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A laborious decline

By Rajiv Shah
A few days back, I was talking with one of the senior-most bureaucrats of the Gujarat government. I wished to know the minimum wages in the state for such category of workers as peons and lift-men. I am not naming this bureaucrat as we were chatting informally, over a cup of tea, discussing out different things, including ongoing Gujarat state polls. The query took the bureaucrat by surprise, perhaps because he suspected what I was hinting at. “I don’t look after the matter directly, Rajiv. It’s the labour commissioner’s job. There are 450 different categories, and for each minimum wage is different. You can ask my junior (he named him); he has full list”, he told me, sounding evasive. 
The reason for being evasive was clear. In Gandhinagar Sachivalaya, which is the seat of power in Gujarat, there are in all 750 peons, half of whom are on fixed pay and “irregular”, while the rest are regular employees. If the irregular fixed pay peons get Rs 3,000 per month, which is far from the prescribed daily minimum wage, the regular employees earn between Rs 15,000 and Rs 17,000, apart from other benefits.
“Their earning comes to Rs 100 per day, which is nearly half of what they should get as unskilled workers in Gandhinagar, Rs 190, a violation of the minimum wage law”, a top state insider, who can claim to have complete command on personnel issues, revealed to me later, adding, “Every two months they are supposed to work in a different department after a deputy secretary holds fresh interviews, such is the rule.” The insider further revealed: “Though they may be theoretically working half time, actually they work for eight to 10 hours. Legally, what’s prevailing in Gandhinagar Sachivalaya is forced labour – unequal pay to for equal work.” A senior bureaucrat in the chief minister’s office (CMO) tried justifying it like this: “Blame it on top state babudom, which hasn’t taken care to look beyond its interests. Chief Minister Narendra Modi is seized of the matter, and something will be done soon after the state assembly elections to ensure that these irregular workers are not exploited.” When I asked a senior labour and employment department bureaucrat whether he had ever taken care to look into the issue, the reply was simply indifferent: “It’s not our job to examine minimum wages in Sachivalaya”! It’s not just peons who get less-than-minimum wages in Sachivalaya. Liftmen and cleaners too fall in the same category. Their jobs have been outsourced to private agencies, which pay them Rs 3,000 each.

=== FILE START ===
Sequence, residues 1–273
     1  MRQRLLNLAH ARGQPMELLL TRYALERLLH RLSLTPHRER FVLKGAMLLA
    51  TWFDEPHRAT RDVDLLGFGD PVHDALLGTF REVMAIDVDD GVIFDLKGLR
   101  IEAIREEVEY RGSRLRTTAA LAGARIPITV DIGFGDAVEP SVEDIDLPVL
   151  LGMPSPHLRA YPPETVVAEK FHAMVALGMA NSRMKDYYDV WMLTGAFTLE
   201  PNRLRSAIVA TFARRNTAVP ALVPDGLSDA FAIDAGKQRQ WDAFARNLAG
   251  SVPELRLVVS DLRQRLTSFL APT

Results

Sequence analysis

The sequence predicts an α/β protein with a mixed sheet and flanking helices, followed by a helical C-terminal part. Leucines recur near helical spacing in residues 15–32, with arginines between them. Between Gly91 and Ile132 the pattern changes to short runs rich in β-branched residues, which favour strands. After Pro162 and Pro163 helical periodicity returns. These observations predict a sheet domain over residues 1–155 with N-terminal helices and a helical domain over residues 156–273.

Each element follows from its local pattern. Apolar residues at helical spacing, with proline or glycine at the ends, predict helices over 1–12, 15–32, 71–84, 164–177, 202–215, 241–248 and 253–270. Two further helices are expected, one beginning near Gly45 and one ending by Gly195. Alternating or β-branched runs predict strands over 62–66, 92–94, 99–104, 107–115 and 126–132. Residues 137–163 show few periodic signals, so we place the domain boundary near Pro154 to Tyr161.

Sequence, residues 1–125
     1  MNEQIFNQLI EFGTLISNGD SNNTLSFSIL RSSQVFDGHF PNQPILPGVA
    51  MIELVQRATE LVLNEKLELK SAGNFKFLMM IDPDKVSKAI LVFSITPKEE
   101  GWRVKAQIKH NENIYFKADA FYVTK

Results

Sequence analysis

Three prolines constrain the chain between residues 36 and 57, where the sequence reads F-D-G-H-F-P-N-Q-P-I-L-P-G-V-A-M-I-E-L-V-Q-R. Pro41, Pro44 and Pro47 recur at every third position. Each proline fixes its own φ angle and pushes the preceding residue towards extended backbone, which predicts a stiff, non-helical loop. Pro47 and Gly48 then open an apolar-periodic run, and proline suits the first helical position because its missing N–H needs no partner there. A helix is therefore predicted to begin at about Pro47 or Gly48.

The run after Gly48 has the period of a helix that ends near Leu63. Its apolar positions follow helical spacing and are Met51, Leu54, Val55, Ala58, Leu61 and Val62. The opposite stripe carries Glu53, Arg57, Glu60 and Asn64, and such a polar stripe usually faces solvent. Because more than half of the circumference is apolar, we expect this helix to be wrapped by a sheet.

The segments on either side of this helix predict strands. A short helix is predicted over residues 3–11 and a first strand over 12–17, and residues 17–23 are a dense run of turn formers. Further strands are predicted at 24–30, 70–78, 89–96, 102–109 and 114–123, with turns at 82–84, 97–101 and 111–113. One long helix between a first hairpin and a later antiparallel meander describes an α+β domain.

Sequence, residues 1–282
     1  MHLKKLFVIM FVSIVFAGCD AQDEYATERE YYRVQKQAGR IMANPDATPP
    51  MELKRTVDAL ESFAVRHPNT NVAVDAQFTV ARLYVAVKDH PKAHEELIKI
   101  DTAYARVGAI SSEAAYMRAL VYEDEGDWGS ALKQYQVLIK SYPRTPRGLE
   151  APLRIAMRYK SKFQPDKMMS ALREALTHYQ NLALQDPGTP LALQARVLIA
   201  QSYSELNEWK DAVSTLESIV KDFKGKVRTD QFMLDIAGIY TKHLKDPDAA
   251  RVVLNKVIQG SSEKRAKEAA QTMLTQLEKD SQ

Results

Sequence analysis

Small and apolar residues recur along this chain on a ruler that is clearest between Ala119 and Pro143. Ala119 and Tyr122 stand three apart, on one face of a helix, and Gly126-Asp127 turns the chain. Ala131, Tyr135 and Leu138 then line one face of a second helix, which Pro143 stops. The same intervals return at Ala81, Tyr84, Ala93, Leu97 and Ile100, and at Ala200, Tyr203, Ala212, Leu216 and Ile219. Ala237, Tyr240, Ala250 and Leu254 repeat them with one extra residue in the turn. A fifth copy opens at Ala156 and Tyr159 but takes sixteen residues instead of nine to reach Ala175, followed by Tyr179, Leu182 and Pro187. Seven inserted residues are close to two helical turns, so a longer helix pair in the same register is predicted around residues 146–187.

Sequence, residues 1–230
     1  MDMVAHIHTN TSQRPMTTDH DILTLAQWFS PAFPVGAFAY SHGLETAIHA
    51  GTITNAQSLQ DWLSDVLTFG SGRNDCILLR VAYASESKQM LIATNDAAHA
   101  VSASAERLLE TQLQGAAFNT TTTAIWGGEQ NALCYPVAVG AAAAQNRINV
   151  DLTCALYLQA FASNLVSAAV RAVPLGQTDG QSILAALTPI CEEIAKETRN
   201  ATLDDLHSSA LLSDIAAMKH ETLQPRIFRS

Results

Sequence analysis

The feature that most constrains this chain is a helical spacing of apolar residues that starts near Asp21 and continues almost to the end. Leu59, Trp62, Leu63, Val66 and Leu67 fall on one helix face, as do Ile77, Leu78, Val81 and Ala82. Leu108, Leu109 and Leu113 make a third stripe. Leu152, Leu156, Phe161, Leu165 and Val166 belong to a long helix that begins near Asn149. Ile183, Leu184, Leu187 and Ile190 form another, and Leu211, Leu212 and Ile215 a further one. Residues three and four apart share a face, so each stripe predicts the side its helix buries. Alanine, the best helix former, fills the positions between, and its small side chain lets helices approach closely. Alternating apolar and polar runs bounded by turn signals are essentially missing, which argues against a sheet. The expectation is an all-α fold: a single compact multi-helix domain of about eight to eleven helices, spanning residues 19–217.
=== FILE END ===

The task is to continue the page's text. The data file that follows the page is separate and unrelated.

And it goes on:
Though theoretically they work for six hours (including recess), they begin their day before the Sachivalaya opens at 10.30 am. The cleaners must clean up offices before the babu turns up, while the liftman must be ready to salute as the IAS babu enters the lift. And, they must work till late hours, without overtime, till the babu vacates the office. I asked a CMO official why they don’t quit, as there is said to be so much labour shortage, and I got this reply: “They are mostly locals, relatives of retired class four employees, who want their children to work in government. They hope, one day they will be regularized.” A senior official revealed a different apprehension – that, “irregular” peons are asked to “handle” sensitive files. They carry them between departments. Cleaners clean offices before babus turn up. Many officials leave sensitive files behind. “In the last five years, there’s a sharp rise in the number of sensitive files missing. We fear, they are bribed, but one can’t fix irregular workers”, he lamented.